<VV> Bad Paint not from China (Minimal Corvair Content)
ronh at owt.com
Mon Jul 15 01:37:59 EDT 2013
Ford may have embraced Deming's QC system but the result sure doesn't show
in Consumer Report's frequency of repair records. If in doubt, look at
Ford's record compared to that of Toyota. It's a night and day difference.
----- Original Message -----
From: <RoboMan91324 at aol.com>
To: <virtualvairs at corvair.org>; <Shelrockbored at aol.com>
Sent: Sunday, July 14, 2013 1:37 PM
Subject: <VV> Bad Paint not from China (Minimal Corvair Content)
> I don't get the point.
> Over the decades, quality control in all levels of manufacturing above
> "garage shop" has been improving. Even in the garage, this must be a
> even if the parameters are not scientifically quantified. After WW2 when
> W. E. Deming first proposed zero defect manufacturing as not only an
> achievable goal but a true cost saving philosophy, all industrial
> countries and
> their manufacturing entities have embraced quality control as a
> to success. To this day, The Deming Award is a highly coveted
> international recognition of this applied science/philosophy. This
> includes China.
> As an aside, Deming first proposed zero defect manufacturing in the US
> auto industry. I think it was Ford at first. He was universally
> for what were considered to be "crazy" proposals here in the US and went
> Japan where he is still worshipped. They embraced his philosophy and
> of us know that we are still recovering from the stigma of poor quality
> manufacturing in the US as compared to Japan. (Corvair content ...) As
> can see from the list of my toys at the end of this post, I truly love
> vintage US cars, especially Corvairs. However, my love of these cars
> does not
> stem from the quality control the auto industry had in place back then.
> Yes, the quality process can get out of control but more often than not,
> the problem has its roots in the failure to define the important control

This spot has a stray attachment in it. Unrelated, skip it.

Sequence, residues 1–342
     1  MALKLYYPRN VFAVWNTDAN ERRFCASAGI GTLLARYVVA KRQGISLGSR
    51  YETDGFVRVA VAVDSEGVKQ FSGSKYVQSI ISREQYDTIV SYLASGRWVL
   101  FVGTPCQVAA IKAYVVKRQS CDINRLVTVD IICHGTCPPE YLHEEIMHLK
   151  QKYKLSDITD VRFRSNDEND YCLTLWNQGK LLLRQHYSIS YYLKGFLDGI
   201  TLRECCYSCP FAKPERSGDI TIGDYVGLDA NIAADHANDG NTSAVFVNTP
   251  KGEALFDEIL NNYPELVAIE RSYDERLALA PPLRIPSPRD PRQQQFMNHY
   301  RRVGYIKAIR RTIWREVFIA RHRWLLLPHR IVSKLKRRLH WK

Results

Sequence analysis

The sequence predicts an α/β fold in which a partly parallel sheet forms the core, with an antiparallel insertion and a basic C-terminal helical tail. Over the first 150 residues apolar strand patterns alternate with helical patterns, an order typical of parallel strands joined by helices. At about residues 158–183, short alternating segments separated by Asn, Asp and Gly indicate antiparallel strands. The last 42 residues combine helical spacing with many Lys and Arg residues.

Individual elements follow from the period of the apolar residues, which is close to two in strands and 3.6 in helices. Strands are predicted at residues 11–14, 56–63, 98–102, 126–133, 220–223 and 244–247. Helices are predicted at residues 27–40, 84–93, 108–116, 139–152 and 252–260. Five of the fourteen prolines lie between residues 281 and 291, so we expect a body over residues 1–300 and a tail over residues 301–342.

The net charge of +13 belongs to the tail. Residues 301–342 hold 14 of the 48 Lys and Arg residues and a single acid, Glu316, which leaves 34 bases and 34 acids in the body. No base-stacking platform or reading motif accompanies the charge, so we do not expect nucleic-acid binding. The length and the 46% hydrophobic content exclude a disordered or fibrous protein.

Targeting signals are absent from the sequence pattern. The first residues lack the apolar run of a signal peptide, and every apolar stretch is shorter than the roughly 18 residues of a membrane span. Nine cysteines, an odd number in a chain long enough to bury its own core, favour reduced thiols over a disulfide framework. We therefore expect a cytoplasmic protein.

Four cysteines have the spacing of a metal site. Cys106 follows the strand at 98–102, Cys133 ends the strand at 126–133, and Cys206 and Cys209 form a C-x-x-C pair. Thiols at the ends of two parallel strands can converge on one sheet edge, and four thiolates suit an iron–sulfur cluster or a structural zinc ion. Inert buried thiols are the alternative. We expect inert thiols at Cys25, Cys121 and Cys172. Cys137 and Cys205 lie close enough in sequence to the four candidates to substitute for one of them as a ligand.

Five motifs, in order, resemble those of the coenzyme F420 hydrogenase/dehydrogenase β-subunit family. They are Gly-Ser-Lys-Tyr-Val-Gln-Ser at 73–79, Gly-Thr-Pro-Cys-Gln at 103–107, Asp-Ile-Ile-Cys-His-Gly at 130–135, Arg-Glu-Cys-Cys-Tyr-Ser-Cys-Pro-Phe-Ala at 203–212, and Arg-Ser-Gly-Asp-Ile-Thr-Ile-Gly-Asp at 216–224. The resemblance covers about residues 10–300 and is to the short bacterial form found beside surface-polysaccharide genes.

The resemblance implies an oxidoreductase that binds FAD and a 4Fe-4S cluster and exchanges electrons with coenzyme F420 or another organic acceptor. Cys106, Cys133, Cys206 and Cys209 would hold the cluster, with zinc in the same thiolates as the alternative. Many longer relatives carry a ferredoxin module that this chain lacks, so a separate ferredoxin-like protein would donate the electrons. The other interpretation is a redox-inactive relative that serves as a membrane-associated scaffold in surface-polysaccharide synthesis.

> parameters. You may recall the outrage a few years back when sources in
> supplied children's toys to Mattel with lead based paint. Mattel
> eventually admitted that it was their fault. They failed to inform the
> manufacturer in China that lead based paint was not acceptable. The
> supplier simply
> used the least expensive products that did not violate the specifications
> they had in hand at the time. The folks at Mattel wrongly assumed that
> folks in China knew that lead based paints were banned in the USA. Of
> course, the products were recalled at great expense to Mattel, not the
> I do not pretend to know what transpired between Eastwood and its
> suppliers, nor do I know what Grant's specific needs are. However, I
> assume that
> Grant has expressed his needs to Eastwood and how the more recent
> do not meet them. In my experience, suppliers (and their suppliers) want
> correct any problems as quickly as possible. Its just good business. To
> get proper response, sometimes you must take the complaint to a higher
> level than the first person in Customer Service who answers the phone or
> receives the email. The supplier can't fix a problem they are unaware of
> at the
> proper management level.
> Just to stir things up, I have seen situations where quality levels that
> were too high caused a problem for a customer.
> Regarding computer upgrades, this is not a quality control issue.
> Advancements in PC capability (and other technologies) is a good thing.
> advancement of various PC technologies allows development of improved
> processing speed, storage, communication, etc. If you need or merely
> that expanded capability and your present PC can't support it, "ya gotta
> do what ya gotta do." I have 3 computers ... my laptop for visiting
> and working on the road, my quite OLD tower PC for general data storage,
> writing letters and proposals, etc. and a higher capability tower for my
> technical stuff. The high level PC can support all my needs but I do not
> permit it to have direct internet communication for security reasons. As
> necessary, I transfer files after scanning.
> 1960 Corvette, 1961 Rampside, 1962 Rampside, 1964 Spyder coupe, 1965
> Greenbrier, 1966 Canadian Corsa turbo coupe, 1967 Nova SS, 1968 Camaro
> In a message dated 7/12/2013 7:46:38 P.M. Pacific Daylight Time,
> virtualvairs-request at corvair.org writes:
> Message: 7
> Date: Fri, 12 Jul 2013 19:04:12 -0400 (EDT)
> From: Shelrockbored at aol.com
> Subject: Re: <VV> Bad Paint not from China
> To: virtualvairs at corvair.org
> Message-ID: <7158.5e5c2223.3f11e56c at aol.com>
> Content-Type: text/plain; charset="US-ASCII"
> Although we probably should not use China as a scapegoat (they do have
> their shortcomings) the general gripe is about the decline in the quality
> manufacturing, among other things. Cost being sited as the usual
> My question is how long will it be before cost drives out any kind of
> quality. We all talk about a disposable society yet everything today is
> disposable. Where does it end?
> The newest computer I own is seven years old so there are things I cannot
> do. I should upgrades but do I have to buy a new computer every two
> I think everyone gets the point.
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